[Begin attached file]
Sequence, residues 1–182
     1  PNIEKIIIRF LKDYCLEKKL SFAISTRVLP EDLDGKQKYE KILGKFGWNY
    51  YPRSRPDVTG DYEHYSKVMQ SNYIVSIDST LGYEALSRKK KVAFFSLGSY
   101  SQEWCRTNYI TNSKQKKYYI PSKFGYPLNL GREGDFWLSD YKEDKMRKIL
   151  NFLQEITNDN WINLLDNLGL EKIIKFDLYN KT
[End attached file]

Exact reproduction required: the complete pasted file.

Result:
Sequence, residues 1–182
     1  PNIEKIIIRF LKDYCLEKKL SFAISTRVLP EDLDGKQKYE KILGKFGWNY
    51  YPRSRPDVTG DYEHYSKVMQ SNYIVSIDST LGYEALSRKK KVAFFSLGSY
   101  SQEWCRTNYI TNSKQKKYYI PSKFGYPLNL GREGDFWLSD YKEDKMRKIL
   151  NFLQEITNDN WINLLDNLGL EKIIKFDLYN KT